HAWK-EYE WILL be available for use at this year’s Ladies All-Ireland football finals, as part of new changes in technology that will introduced for the rest of the championship.
The absence of Hawk-Eye caused controversy at last year’s senior All-Ireland, when a point from Dublin’s Carla Rowe was ruled wide.
The video technology was unavailable on the day and Dublin went on to lose to Cork by one point.
As well as being in use for the All-Ireland finals day on 24 September, Hawk-Eye will also be used at other venues where it is available including Semple Stadium in Thurles, and the new stadium in Páirc Uí Chaoimh, should games be staged there.
The Ladies Gaelic Football Association (LGFA) is also introducing video footage at televised games for the rest of the championship, which the referee can use if required for scoring incidents.
A score assistant will sit in the TG4 production vans, and will be able to communicate with the referee if there is confusion over a score.
This official will have the benefit of reviewing the score from all available television angles to help to determine whether or not a score has taken place.
Speaking at the launch of the 2017 TG4 Ladies All-Ireland Football Championships, LGFA president Marie Hickey said that this is an initiative which the LGFA has been working on since November, and have trialed it during the National League.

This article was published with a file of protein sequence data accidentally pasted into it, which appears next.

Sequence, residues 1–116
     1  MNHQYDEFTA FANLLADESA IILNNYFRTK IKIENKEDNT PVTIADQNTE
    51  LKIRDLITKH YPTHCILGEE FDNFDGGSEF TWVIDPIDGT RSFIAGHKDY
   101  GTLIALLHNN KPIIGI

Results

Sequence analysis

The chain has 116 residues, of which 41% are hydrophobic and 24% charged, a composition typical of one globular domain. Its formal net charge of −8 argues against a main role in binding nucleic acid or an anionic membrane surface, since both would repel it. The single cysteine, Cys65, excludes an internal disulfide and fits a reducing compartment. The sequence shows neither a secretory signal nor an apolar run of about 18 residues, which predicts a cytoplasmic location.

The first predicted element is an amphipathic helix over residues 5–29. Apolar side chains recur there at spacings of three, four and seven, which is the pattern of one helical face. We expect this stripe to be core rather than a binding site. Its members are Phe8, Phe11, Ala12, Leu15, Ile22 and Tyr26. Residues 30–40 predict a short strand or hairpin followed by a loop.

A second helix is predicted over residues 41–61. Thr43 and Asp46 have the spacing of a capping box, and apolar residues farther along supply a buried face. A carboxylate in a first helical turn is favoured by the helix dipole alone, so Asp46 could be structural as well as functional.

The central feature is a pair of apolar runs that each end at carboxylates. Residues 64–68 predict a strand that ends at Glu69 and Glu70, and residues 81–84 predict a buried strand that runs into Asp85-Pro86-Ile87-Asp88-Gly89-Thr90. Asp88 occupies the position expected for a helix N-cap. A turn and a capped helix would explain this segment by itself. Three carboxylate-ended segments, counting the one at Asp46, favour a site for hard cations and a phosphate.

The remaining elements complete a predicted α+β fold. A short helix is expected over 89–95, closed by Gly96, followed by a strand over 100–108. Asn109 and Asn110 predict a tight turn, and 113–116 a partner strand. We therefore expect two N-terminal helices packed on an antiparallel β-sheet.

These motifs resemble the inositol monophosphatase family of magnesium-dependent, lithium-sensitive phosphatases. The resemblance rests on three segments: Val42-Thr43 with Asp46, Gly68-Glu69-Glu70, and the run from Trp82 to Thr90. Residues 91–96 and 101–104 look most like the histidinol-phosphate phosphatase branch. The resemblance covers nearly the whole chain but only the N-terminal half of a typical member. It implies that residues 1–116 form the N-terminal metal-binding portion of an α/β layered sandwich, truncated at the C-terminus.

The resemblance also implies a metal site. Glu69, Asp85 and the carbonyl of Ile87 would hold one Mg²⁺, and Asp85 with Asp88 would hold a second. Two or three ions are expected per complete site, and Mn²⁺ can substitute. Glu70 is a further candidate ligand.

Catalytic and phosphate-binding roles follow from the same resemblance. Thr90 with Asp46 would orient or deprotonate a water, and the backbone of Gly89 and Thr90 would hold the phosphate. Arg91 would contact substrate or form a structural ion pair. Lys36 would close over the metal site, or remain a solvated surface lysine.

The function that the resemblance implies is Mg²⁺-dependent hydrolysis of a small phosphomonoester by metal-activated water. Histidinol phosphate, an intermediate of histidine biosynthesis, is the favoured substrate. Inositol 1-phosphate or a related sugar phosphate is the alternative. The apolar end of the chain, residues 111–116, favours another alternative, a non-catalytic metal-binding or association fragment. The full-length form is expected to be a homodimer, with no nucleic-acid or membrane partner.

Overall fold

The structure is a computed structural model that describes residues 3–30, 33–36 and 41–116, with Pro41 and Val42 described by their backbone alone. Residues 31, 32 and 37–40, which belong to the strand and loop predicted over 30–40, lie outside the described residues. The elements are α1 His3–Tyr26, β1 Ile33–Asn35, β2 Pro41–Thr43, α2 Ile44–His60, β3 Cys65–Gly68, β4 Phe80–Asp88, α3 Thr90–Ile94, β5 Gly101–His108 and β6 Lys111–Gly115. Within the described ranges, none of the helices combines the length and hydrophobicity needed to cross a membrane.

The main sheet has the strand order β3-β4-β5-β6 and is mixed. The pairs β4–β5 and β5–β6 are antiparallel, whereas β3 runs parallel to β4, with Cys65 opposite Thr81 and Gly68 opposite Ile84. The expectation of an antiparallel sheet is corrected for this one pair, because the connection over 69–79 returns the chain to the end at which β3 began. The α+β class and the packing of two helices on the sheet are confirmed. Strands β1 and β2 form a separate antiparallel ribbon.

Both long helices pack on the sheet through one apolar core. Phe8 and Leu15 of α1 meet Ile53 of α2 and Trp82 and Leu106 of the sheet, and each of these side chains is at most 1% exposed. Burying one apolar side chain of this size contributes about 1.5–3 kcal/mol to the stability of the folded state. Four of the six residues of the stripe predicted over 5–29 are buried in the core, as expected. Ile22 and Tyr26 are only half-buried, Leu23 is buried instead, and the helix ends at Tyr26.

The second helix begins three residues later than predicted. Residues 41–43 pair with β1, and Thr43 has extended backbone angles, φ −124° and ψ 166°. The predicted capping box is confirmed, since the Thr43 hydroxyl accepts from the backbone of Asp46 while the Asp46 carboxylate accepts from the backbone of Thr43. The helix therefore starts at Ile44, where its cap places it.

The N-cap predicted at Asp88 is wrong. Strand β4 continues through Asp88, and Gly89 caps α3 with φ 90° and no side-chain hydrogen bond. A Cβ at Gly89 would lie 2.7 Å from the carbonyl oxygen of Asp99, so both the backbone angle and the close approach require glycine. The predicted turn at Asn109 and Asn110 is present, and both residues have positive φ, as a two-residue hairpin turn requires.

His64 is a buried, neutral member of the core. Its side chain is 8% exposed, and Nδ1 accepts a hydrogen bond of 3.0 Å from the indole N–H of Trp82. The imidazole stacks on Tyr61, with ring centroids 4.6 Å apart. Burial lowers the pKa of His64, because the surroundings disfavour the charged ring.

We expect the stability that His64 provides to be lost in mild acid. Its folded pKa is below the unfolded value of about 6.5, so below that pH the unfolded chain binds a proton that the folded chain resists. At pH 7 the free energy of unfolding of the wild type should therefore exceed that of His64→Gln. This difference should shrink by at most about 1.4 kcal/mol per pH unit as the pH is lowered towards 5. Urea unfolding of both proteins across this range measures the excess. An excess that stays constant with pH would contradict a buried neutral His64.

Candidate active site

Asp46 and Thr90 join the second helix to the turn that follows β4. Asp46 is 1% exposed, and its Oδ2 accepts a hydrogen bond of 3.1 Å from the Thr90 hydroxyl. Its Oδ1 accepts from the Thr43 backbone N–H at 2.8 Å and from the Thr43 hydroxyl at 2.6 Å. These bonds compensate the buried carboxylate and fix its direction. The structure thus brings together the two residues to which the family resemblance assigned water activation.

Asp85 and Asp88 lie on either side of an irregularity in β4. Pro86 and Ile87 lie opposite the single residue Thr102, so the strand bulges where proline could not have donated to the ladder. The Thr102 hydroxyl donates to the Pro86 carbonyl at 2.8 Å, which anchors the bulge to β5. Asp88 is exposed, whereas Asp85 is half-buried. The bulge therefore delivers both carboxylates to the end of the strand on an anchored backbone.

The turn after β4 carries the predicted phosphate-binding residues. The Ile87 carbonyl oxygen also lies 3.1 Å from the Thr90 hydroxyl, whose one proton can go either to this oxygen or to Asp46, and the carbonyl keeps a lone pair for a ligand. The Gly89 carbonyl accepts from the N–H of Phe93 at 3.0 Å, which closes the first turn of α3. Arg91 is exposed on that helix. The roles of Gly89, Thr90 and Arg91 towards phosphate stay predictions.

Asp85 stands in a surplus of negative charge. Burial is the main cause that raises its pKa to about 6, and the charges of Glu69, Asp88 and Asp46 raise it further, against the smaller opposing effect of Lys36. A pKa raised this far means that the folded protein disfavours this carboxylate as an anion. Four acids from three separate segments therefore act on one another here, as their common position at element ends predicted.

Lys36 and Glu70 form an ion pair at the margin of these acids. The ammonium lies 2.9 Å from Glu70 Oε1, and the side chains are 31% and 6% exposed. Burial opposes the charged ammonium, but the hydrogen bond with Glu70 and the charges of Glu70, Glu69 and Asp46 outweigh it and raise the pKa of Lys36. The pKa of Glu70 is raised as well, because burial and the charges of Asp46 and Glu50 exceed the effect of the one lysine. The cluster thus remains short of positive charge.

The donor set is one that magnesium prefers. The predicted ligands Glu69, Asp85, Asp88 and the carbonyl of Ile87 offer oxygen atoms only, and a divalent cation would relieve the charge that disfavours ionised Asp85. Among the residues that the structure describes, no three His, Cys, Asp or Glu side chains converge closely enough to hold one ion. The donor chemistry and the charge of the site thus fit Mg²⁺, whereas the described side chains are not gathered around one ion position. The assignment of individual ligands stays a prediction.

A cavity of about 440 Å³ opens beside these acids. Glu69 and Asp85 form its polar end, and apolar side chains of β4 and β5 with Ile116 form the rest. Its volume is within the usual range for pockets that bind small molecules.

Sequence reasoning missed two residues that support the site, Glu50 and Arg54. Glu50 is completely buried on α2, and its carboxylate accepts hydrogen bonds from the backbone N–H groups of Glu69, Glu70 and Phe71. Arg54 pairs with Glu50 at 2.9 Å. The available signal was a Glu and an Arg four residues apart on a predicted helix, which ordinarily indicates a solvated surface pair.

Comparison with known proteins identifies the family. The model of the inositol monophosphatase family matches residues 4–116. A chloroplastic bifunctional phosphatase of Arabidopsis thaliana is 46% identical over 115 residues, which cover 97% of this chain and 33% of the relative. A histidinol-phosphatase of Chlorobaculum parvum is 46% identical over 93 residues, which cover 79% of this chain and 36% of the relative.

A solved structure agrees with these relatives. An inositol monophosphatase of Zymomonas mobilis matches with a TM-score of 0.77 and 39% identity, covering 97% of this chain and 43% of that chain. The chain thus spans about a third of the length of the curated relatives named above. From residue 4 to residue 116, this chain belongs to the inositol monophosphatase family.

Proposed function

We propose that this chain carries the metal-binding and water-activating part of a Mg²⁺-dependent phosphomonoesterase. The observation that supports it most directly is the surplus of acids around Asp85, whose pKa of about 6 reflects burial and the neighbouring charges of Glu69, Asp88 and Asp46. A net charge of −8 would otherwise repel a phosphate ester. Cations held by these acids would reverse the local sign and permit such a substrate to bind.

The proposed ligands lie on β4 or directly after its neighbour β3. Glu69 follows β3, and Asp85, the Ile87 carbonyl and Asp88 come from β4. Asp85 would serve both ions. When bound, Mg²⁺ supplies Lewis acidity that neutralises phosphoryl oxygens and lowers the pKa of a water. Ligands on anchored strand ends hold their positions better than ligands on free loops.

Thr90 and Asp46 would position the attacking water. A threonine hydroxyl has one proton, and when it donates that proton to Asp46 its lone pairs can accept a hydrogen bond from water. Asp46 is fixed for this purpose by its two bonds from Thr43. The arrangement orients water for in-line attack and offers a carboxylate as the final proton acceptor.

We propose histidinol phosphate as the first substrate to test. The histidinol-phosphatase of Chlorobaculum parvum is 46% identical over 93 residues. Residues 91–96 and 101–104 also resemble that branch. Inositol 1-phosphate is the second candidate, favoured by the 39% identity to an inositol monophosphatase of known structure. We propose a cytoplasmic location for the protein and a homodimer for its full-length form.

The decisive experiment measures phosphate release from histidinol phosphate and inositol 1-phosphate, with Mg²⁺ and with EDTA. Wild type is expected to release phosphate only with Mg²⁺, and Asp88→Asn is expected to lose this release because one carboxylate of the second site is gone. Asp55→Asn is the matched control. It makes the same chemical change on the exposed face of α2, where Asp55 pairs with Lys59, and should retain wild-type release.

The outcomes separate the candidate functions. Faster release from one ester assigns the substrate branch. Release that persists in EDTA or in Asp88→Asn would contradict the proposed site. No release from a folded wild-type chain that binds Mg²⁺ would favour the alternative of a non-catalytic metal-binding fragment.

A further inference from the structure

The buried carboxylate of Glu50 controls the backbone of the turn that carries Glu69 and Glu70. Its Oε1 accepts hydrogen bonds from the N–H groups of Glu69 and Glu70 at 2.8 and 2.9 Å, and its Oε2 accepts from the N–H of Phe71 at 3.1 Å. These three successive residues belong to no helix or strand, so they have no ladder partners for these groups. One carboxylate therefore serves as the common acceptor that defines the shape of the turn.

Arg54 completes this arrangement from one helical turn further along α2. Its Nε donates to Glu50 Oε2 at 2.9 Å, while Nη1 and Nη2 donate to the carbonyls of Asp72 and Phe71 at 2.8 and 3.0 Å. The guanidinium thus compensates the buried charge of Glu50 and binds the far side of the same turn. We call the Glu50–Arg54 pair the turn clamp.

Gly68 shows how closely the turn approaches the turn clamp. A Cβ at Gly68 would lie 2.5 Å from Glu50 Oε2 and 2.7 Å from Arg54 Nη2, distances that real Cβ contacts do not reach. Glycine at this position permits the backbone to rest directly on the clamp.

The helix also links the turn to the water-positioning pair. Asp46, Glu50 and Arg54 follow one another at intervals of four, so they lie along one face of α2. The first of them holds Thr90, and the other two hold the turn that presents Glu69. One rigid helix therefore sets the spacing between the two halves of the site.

“It’s new assistant technology in games where it’s going to be available, so for all of our televised games, they’re going to have in the hub where the recording is happening, we’ll have a score assistant, who’ll be watching the game from that point.
“If the referee requires assistance from a scoring point of view, they can replay and get that. If it’s discovered that there was a score and it wasn’t awarded, then contact can be made with the referee.
“We’ll also have Hawk-Eye this year available as well so we have a number of technologies coming on board this year which is exciting.”
“It was partly to do with that (last year’s All-Ireland final) but I suppose the reason why we didn’t have Hawk-Eye last year in the All-Ireland final was because we didn’t feel it was a level playing field for all of the games. That’s what we wanted, so this is our measure to ensure that that can happen at all games that are televised.”
“We trialed it through the National League, and we’re happy with the progress of it. The technology is great now and it’s a brilliant step forward and it gives us the ability to have a level playing field for all our players in all the pitches that are going to be televised.
“That obviously broadens it, not just for Hawk-Eye.”
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